The Internet can already seem like a dangerous place for a child. There are the persistent concerns of cyber bullies and sexual predators, as well as a child's potential exposure to inappropriate content like pornography.
But now it seems that there's yet another hazard to add to the list: underage drinking.
ABC News' "20/20" reports that children could very easily obtain alcohol online from websites like eBay:
We asked Xander, 13, to head to [eBay] and try to buy liquor there. One vendor refused to sell his product when Xander and a "20/20" producer declined to send a copy of an ID showing that the buyer was of legal drinking age. But Xander was able to successfully place an order with two other vendors.
"All I had to do was type in vodka on the search bar, click one button and it can send it to my house," Xander told "20/20." (A "20/20" producer paid for the purchases.)
In an email, an eBay representative told The Huffington Post:
eBay will not allow our marketplace to be used as a way to circumvent laws regarding the sale of alcohol, particularly the illegal sale of alcohol to minors. We are beginning the process of removing listings of beer and spirits. We expect to allow these listings again after developing and implementing additional, reasonable requirements to support seller compliance with our policies and applicable laws. We will continue to allow listings by pre-approved, licensed wine sellers.
In May, a study conducted at the University of North Carolina at Chapel Hill found that underage individuals who attempted to buy alcoholic beverages online were successful in 45 percent of attempts.
“We were amazed at how easy it was,” said Rebecca Williams, the UNC researcher who led the study. “With just a few clicks on their computers or smartphones, kids can order alcohol and have it delivered to their homes.”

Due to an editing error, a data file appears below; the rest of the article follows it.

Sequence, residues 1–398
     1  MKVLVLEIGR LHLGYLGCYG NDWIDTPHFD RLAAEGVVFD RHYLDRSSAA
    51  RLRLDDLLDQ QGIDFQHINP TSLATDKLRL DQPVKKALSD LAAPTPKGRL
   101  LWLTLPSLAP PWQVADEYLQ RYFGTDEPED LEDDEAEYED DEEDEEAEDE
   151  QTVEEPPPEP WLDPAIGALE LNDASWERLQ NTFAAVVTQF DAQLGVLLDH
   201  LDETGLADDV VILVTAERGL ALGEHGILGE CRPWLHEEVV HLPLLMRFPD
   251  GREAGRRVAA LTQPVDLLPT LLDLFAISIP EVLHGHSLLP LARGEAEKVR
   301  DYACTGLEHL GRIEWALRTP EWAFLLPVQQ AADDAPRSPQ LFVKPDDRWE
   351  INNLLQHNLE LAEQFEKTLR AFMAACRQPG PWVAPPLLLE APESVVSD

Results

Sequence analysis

Eight under-21 youths participated in the study, placing orders at 100 Internet sites that sell alcohol. They successfully purchased alcohol on 45 out of 100 attempts.
The participants were allowed to lie about their age when making purchases, but they did not use fake IDs and had to provide their real IDs if asked. According to the study, "only 12 orders failed immediately when the participant placed the online order or shortly afterward."
Researchers found that the problem does not merely lie in the lack of protective barriers in place, but also in the sheer number of alcohol vendors that one can choose from:
In 2007, according to the U.S. Census Bureau, there were 225 internet vendors that primarily sold alcohol; they were responsible for $2.4 billion in annual sales. In 2009, when Williams and her team searched for alcohol vendors, they found more than 5,000. “We had to stop searching at 5,000 because of budgetary constraints,” Williams says.
So if one website denies a child access to alcohol, there are still thousands of other sites that he or she can turn to.
“The fact that there are literally thousands of online outlets selling alcohol and that purchase attempts by underage persons are successful almost half of the time tells us how insufficient the protections are for our youth,” David Jernigan, director of the Center on Alcohol Marketing and Youth at Johns Hopkins School of Public Health in Baltimore, told Bloomberg in May. “The bottom line is that alcohol regulation and enforcement are simply not keeping up with new technologies.”
Update: This story has been updated with comment from eBay.